3.     Where-ever fresh ground water is available either in shallow or deep layers, study is to be done to find out most economical methods of exploiting them by dug and lined wells, skimming wells, tube wells, deep hand or power reciprocating pumps, taking care in each case, that civil works so carried out, shale ensure sanitary conditions of water supply.

4.     Suggest civil structures to achieve objectives laid down under number 2 and 3 above.

5.     To give general recommendation for location of walls.

6.     In case fresh water is not available, suggest sources of water from the existing canal systems, after proper filtration and chlorination, to make the disease and dirt free and fit for use of cattle and animals.

7.     Based on use of international standards for water quality for cattle and humans to find out water supply sources for cattle and human separately, in areas of brackish water, so that cost on water supply is reduced without ill effects on cattle health.

8.     In case of Kohistan and Thar desert find out sources of perennial water i.e., springs and perennial streams, which provide reasonable and assured quantities of water for settlements nearby. Water of such sources may be examined for its quality and fitness for human and cattle use.

9.     In case of Kohistan besides springs, suggest sweet water locations, near each of major settlements, suggest most economical method for development of this water for human and cattle use.

10. In case of Thar and Kohistan if sweet water is not available, suggest ground water sources or surface water for storage near large settlements.

11. In case of water storage for settlements suggest methods so that annual evaporation loss (more than 100 inches water column) is reduced to negligible, seepage is reduced and hygienic condition of water is unaffected by algae population, caused by birds, wild animals, domestic animals, and human specially while washing clothes and bathing.

12. Suggest suitable methods of taking out water, from stage tanks to ensure hygienic conditions.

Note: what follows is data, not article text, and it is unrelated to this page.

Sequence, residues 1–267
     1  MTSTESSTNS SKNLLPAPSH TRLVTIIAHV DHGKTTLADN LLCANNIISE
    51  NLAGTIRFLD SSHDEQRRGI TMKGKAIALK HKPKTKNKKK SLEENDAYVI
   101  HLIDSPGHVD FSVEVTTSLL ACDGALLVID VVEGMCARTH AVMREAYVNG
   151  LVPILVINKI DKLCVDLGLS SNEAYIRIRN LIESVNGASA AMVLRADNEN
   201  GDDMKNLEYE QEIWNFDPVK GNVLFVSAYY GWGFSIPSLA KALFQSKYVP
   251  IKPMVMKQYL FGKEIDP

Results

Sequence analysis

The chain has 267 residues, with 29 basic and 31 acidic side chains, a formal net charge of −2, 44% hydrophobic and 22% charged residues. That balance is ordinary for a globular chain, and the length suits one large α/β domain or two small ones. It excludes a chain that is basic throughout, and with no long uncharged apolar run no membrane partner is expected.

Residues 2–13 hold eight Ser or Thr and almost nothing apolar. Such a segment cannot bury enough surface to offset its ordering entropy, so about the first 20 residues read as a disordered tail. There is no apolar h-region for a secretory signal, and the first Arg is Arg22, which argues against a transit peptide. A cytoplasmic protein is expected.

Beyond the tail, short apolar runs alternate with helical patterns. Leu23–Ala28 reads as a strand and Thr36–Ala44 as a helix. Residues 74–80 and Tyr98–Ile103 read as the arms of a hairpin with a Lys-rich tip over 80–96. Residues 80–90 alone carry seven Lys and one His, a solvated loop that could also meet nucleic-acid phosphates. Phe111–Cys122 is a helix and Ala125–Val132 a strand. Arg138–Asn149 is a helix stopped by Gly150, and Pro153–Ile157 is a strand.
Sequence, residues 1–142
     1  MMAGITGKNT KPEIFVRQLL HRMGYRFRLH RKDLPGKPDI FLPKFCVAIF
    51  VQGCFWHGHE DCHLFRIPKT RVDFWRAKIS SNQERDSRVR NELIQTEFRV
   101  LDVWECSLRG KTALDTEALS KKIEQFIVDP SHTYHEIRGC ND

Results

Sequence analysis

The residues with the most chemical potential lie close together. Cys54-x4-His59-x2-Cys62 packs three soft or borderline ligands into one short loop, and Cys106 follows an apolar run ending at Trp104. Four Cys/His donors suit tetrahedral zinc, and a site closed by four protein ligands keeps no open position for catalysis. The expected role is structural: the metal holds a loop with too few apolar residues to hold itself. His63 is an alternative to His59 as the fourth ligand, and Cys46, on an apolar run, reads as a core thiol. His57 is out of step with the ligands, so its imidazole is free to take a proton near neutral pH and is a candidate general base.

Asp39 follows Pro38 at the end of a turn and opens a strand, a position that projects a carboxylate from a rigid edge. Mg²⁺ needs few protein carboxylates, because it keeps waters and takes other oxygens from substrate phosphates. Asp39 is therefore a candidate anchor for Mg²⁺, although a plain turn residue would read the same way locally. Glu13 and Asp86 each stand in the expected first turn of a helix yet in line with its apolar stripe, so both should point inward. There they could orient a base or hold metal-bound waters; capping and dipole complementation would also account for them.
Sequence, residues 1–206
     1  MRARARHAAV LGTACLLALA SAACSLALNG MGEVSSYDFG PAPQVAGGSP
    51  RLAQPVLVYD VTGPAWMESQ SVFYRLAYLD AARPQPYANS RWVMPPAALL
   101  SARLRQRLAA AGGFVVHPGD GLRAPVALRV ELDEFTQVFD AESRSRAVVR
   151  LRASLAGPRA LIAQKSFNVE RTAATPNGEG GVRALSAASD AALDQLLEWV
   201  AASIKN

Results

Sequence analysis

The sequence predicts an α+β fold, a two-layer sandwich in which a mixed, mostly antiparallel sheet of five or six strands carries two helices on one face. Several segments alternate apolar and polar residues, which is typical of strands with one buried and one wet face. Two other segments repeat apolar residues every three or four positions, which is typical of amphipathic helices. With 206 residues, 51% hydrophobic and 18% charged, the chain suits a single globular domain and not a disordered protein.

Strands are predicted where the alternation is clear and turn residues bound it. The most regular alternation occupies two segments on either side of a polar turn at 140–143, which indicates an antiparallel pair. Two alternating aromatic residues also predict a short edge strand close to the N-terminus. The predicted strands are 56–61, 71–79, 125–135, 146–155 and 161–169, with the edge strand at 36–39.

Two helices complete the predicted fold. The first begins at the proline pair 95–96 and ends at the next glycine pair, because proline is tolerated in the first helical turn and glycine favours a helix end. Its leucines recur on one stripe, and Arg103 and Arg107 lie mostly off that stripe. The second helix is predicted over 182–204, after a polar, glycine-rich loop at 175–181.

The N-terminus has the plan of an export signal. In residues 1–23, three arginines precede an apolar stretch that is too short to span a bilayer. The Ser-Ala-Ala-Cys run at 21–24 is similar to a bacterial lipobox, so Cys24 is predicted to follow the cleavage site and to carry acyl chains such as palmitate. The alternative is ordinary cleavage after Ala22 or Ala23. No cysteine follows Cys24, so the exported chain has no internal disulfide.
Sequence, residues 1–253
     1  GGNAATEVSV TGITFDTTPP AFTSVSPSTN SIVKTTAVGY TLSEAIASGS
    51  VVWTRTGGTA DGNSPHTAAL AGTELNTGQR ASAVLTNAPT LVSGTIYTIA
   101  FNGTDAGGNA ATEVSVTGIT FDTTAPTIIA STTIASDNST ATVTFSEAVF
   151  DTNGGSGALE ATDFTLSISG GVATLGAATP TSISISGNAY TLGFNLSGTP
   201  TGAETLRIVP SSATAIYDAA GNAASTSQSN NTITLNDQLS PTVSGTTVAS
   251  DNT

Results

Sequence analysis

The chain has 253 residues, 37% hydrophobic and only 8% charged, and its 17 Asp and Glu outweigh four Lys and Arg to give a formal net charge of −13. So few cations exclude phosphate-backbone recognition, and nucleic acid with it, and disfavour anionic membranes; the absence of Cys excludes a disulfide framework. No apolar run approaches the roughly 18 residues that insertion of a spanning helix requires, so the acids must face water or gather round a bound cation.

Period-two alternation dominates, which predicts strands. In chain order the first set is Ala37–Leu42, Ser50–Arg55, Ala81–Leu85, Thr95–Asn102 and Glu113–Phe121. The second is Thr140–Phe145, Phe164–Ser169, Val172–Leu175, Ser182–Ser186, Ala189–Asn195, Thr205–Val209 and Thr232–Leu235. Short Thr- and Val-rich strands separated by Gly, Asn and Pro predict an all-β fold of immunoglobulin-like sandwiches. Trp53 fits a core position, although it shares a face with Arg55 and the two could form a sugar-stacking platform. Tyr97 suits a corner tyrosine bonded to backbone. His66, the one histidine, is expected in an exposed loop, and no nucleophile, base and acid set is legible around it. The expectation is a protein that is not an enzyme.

13. Suggest suitable methods of pumping out water from wells or storage tanks in case of Thar and Kohistan keeping in view the use of wind power or other renewable source of energy.

14. In case of irrigated areas, suggested areas suitable for wind power pumping so that this cheap source is used for pumping water from wells and storage tanks.

15. Suggest general but most economical methods for storage of water.

16. Suggest general methods for water supply tank for use of cattle, with provision that no excess water is allowed to flow out of the watering tanks and is wasted.

17. Suggest general methods for periodic check-up and cleanup of systems.

18. Suggest organisational set up for maintaining the rural water supply system.

 

b)     Sanitation.

        In case of rural Sanitation suggest:-

1.     The cheapest and fool proof methods of disposal of human wastes excreta so as not to cause any odours, spread diseases, contaminate ground water, cause in convenience to neighbours or need costly periodic check-up or clean up.

2.     Suggest best and cheapest methods for installation of system in every village.

3.     Suggest best cheapest methods for storage of water for domestic use.

4.     Suggest cheapest and easiest methods for disposal kitchen wastes.

5.     Suggest best, cheapest and practical methods for disposal of cattle wastes, animal feed wastes, slaughter house wastes, to improve sanitation conditions, make a better and financially rewarding use of these wastes, finding out impact of such method, and suggest practical methods of carrying this out, in a manner, most acceptable, within socially acceptable.

 

c)     General.

1.     Give detailed report on (a) item 1 to 17 and (b) item 1 to 5. 

2.     To provide designs, drawings, cost estimates for water supply. Sanitation measures in the rural areas, suggest, equipment to needed for the purpose.